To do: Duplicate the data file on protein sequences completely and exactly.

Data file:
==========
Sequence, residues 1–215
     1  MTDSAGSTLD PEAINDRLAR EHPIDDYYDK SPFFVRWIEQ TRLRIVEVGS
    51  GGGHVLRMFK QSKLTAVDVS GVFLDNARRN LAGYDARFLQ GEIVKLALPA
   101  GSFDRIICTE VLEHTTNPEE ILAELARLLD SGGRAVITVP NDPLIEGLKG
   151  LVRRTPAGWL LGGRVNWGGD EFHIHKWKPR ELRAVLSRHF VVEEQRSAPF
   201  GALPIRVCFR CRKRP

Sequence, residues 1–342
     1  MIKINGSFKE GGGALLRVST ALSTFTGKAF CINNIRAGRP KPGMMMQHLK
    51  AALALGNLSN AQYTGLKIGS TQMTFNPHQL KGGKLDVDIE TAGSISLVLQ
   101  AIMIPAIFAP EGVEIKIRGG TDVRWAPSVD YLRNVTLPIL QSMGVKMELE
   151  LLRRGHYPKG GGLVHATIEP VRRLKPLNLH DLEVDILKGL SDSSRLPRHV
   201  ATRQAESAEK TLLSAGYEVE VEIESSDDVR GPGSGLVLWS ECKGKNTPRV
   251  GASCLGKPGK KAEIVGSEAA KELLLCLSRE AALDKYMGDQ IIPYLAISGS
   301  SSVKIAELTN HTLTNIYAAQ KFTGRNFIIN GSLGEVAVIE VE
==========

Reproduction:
Sequence, residues 1–215
     1  MTDSAGSTLD PEAINDRLAR EHPIDDYYDK SPFFVRWIEQ TRLRIVEVGS
    51  GGGHVLRMFK QSKLTAVDVS GVFLDNARRN LAGYDARFLQ GEIVKLALPA
   101  GSFDRIICTE VLEHTTNPEE ILAELARLLD SGGRAVITVP NDPLIEGLKG
   151  LVRRTPAGWL LGGRVNWGGD EFHIHKWKPR ELRAVLSRHF VVEEQRSAPF
   201  GALPIRVCFR CRKRP

Sequence, residues 1–342
     1  MIKINGSFKE GGGALLRVST ALSTFTGKAF CINNIRAGRP KPGMMMQHLK
    51  AALALGNLSN AQYTGLKIGS TQMTFNPHQL KGGKLDVDIE TAGSISLVLQ
   101  AIMIPAIFAP EGVEIKIRGG TDVRWAPSVD YLRNVTLPIL QSMGVKMELE
   151  LLRRGHYPKG GGLVHATIEP VRRLKPLNLH DLEVDILKGL SDSSRLPRHV
   201  ATRQAESAEK TLLSAGYEVE VEIESSDDVR GPGSGLVLWS ECKGKNTPRV
   251  GASCLGKPGK KAEIVGSEAA KELLLCLSRE AALDKYMGDQ IIPYLAISGS
   301  SSVKIAELTN HTLTNIYAAQ KFTGRNFIIN GSLGEVAVIE VE